Christmas is all about seeing what might be, not just what is. Elizabeth saw what might be, and she welcomed her frightened cousin to stay with her for three months. Mary envisioned what the world could be like, for all of us, when she rejoiced in bearing God’s Son. Jesus saw what life on earth might become, when He came to save us.
When our wrapping paper is cleaned up and the decorations are put away, we need to join Jesus and help Him change the world. Each of us has a role to play. It may be collecting canned food or frozen turkeys or gently used coats to help a family survive the winter. It might mean contributing to our racial-ethnic colleges so needy students can attend. It might consist of helping a poor single mother downtown pay the electric bill. Mary’s baby is going to accomplish great things. Will you have the faith to follow Him?
Let us pray.
Lord Jesus, descend to us, we pray, and share your life with us, that we may rise with you. We remember how you picked ordinary people to take with you on your journey. We pray that you will help us to discover, together, who you are. AMEN
Luke 1: 26-35.
Henri Daniel-Rops, Daily Life in the Time of Jesus (New York: Hawthorn Books, 1962), 152-3.
Exodus 3: 1-12.
William Barclay, The Gospel of Luke (Philadelphia: Westminster, 1975), 14.
You can tell a lot about families from the ways we open our Christmas presents. Does your family have the same routine every year? In our family, one person gets to play Santa Claus on Christmas morning, without a red outfit or a beard. That person has a lot of power. Santa hands a wrapped present to each person in sequence. Everybody takes turns opening one gift at a time, and we admire each one. Somebody writes each present down on a list, so we can send thank-you notes later. We bag the torn wrapping paper and ribbon as we go. It’s so methodical and adult. I like this procedure now--- but as a child, I would have hated it. A big family with young children could never be that patient. When we kids were growing up, we jumped out of bed at five a.m. –or earlier—on Christmas morning. Each of us dove into our own pile of presents, and we had everything unwrapped in fifteen or twenty minutes. Our parents weren’t even up yet.
Tonight is the time when our excitement is highest. We’ve decorated and shopped and ordered and wrapped and cooked and mailed. Now—at last—we can enjoy Christmas Eve. It’s almost time to start unwrapping. Let’s not be TOO adult about this, all you fellow grown-ups. Every one of us needs to receive presents, as well as to give them. We need to see signs of love. We need to know that somebody cares about what we need and what we enjoy. We need happy surprises! And, most especially, we need to receive the gift from God that we celebrating tonight.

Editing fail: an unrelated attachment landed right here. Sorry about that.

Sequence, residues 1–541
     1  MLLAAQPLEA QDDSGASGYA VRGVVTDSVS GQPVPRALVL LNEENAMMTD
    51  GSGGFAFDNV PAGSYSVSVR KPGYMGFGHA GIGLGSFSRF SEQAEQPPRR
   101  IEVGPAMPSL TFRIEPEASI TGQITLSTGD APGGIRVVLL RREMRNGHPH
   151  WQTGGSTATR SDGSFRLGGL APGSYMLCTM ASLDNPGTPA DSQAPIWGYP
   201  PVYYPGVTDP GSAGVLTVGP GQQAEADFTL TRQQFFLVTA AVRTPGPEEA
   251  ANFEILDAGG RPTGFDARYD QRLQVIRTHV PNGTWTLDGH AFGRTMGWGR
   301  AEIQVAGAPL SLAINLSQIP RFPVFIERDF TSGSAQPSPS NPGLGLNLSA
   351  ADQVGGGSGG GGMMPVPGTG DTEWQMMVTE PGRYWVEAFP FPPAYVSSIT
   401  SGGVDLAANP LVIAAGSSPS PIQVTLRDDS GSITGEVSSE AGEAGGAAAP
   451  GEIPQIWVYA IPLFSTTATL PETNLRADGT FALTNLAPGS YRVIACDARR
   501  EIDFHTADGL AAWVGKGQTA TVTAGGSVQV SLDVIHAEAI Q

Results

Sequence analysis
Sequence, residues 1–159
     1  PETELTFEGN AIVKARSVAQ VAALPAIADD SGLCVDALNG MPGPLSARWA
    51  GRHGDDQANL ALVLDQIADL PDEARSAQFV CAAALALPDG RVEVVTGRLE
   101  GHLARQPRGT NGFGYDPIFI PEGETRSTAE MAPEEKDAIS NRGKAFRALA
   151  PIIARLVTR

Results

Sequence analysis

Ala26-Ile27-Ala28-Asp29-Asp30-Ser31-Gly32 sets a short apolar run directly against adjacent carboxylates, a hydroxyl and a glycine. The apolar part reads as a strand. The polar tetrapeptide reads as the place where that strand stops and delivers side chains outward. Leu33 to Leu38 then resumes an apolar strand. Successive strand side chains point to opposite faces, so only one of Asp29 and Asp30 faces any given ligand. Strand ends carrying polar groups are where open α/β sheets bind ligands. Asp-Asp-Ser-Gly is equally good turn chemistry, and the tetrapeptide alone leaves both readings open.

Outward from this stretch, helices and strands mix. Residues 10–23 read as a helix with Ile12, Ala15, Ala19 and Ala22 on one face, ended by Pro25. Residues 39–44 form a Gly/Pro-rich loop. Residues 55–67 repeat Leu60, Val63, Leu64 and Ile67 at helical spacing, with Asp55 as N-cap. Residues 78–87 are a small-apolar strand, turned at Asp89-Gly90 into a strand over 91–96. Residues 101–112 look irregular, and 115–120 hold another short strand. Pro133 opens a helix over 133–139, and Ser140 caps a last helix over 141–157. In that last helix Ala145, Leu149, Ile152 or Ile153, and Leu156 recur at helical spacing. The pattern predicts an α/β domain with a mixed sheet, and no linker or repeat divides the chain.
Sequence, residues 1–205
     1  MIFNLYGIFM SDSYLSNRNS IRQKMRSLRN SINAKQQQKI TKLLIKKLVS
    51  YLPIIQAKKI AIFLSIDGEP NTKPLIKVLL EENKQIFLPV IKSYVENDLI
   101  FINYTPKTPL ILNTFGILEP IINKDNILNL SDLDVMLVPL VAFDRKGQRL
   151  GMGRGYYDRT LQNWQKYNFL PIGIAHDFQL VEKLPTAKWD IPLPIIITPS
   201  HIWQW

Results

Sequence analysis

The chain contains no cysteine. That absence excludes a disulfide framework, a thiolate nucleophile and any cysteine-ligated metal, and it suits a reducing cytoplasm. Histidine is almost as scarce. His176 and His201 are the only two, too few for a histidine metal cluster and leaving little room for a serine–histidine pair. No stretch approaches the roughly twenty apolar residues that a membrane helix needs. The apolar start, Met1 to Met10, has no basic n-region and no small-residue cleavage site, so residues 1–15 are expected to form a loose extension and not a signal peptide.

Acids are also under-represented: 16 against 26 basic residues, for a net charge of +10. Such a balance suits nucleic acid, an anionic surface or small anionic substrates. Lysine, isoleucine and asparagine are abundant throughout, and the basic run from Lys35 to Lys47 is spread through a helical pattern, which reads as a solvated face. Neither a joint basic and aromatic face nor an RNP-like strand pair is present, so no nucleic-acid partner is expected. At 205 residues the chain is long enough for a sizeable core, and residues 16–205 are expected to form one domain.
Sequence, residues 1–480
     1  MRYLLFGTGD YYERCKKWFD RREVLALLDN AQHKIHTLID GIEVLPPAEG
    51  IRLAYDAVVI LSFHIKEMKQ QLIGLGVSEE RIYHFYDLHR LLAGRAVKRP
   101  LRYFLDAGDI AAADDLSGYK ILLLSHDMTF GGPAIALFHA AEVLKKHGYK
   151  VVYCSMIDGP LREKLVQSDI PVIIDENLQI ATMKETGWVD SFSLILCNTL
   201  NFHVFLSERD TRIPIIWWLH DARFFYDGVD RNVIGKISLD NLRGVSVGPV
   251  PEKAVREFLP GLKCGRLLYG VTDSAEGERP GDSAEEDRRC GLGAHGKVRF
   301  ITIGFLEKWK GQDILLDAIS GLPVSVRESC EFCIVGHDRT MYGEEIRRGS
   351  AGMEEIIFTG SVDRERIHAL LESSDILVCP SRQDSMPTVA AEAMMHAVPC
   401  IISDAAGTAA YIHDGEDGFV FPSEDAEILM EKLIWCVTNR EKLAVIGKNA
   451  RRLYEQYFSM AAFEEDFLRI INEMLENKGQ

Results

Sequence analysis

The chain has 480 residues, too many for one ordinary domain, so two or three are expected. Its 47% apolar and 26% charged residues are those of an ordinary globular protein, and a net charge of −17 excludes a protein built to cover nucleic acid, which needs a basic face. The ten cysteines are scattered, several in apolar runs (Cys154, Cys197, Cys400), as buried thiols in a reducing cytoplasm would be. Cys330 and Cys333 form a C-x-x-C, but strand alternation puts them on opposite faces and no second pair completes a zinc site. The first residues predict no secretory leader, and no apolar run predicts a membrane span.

Jesus came into the lives of Mary and Joseph as a gift—a firstborn son to continue their families and their heritage. He came to the shepherds as a gift. He comes to us as a gift, too. The most important Christmas present isn’t something that is waiting under your tree at home. It’s Jesus. He is God’s Christmas present to us and He is here with us tonight. He’s the gift of God With Us.
Jesus is quite a bit harder to unwrap than a crock-pot or a ski jacket, even harder than an Apple computer. We must be patient. It has taken us a couple of thousand years to unwrap Him, and we’re not finished yet! We won’t be able to unwrap Jesus tonight, or tomorrow, or in the next twelve days. As Jesus lived on this earth, He kept getting unwrapped, layer by layer. The gift kept getting unwrapped, as Jesus grew and taught and lived and healed and died and rose. We’ll continue to unwrap the gift of God with us, as Christianity grows with the times. Over time, we will grow as individuals, too, but Jesus will never stop giving to us. He’s with us every day—not just on Christmas.
Families unwrap their presents in many different ways. In the gift of Jesus, we get God’s love in many forms, according to our needs. When the baby Jesus was born, He was like a gift-wrapped box that hadn’t been opened yet. As He taught and healed and helped people and made them well, His ribbon and wrapping paper were taken off. More and more people saw Him as God’s gift to the world, and they chose to follow him. But the “powers that were” thought He was a troublemaker and killed Him—which is a lot sadder than a present that gets broken on Christmas morning. But Jesus didn’t stay broken. God works in this world to fix what is broken. God raised Jesus from the dead. The world is broken---it was then and it is now. And so are we. But the babe of Bethlehem lives on.
For unto us is born a Savior who is Christ the Lord. That’s our Christmas present tonight, and tomorrow, and through the twelve days of Christmas, and all the years of your life. May we keep on unwrapping!
In the holiness of this night, O God, all is now calm; all has become bright. For you are waiting just outside — waiting for us to let you in. Help us to welcome this babe of Bethlehem, your son Jesus, as our Lord and our Savior and the very best Christmas gift. AMEN.
First Presbyterian Church of Hokendauqua
3005 S. Front Street, Whitehall, PA 18052 | 610-264-9693 | firstname.lastname@example.org